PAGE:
• Announcements

    • khawk

      Download the Game Design and Indie Game Marketing Freebook   07/19/17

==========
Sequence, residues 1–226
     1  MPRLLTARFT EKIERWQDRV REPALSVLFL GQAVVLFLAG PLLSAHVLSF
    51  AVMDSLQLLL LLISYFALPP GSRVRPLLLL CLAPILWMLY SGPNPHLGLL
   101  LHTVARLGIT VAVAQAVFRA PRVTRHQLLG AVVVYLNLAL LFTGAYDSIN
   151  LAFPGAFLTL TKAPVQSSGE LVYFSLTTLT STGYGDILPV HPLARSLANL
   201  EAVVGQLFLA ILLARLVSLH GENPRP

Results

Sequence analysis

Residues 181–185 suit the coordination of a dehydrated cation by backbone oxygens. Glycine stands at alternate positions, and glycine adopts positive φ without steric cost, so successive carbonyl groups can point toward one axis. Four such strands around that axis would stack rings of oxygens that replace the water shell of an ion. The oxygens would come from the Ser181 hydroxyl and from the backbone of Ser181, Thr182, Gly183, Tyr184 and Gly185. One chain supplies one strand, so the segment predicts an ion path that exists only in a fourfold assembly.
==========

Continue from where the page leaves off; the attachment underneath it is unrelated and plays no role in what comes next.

GameDev.net and CRC Press have teamed up to bring a free ebook of content curated from top titles published by CRC Press. The freebook, Practices of Game Design & Indie Game Marketing, includes chapters from The Art of Game Design: A Book of Lenses, A Practical Guide to Indie Game Marketing, and An Architectural Approach to Level Design. The GameDev.net FreeBook is relevant to game designers, developers, and those interested in learning more about the challenges in game development. We know game development can be a tough discipline and business, so we picked several chapters from CRC Press titles that we thought would be of interest to you, the GameDev.net audience, in your journey to design, develop, and market your next game. The free ebook is available through CRC Press by clicking here. The Curated Books The Art of Game Design: A Book of Lenses, Second Edition, by Jesse Schell Presents 100+ sets of questions, or different lenses, for viewing a game’s design, encompassing diverse fields such as psychology, architecture, music, film, software engineering, theme park design, mathematics, anthropology, and more. Written by one of the world's top game designers, this book describes the deepest and most fundamental principles of game design, demonstrating how tactics used in board, card, and athletic games also work in video games. It provides practical instruction on creating world-class games that will be played again and again. View it here. A Practical Guide to Indie Game Marketing, by Joel Dreskin Marketing is an essential but too frequently overlooked or minimized component of the release plan for indie games. A Practical Guide to Indie Game Marketing provides you with the tools needed to build visibility and sell your indie games. With special focus on those developers with small budgets and limited staff and resources, this book is packed with tangible recommendations and techniques that you can put to use immediately. As a seasoned professional of the indie game arena, author Joel Dreskin gives you insight into practical, real-world experiences of marketing numerous successful games and also provides stories of the failures. View it here. An Architectural Approach to Level Design This is one of the first books to integrate architectural and spatial design theory with the field of level design. The book presents architectural techniques and theories for level designers to use in their own work. It connects architecture and level design in different ways that address the practical elements of how designers construct space and the experiential elements of how and why humans interact with this space. Throughout the text, readers learn skills for spatial layout, evoking emotion through gamespaces, and creating better levels through architectural theory. View it here. Learn more and download the ebook by clicking here. Did you know? GameDev.net and CRC Press also recently teamed up to bring GDNet+ Members up to a 20% discount on all CRC Press books. Learn more about this and other benefits here.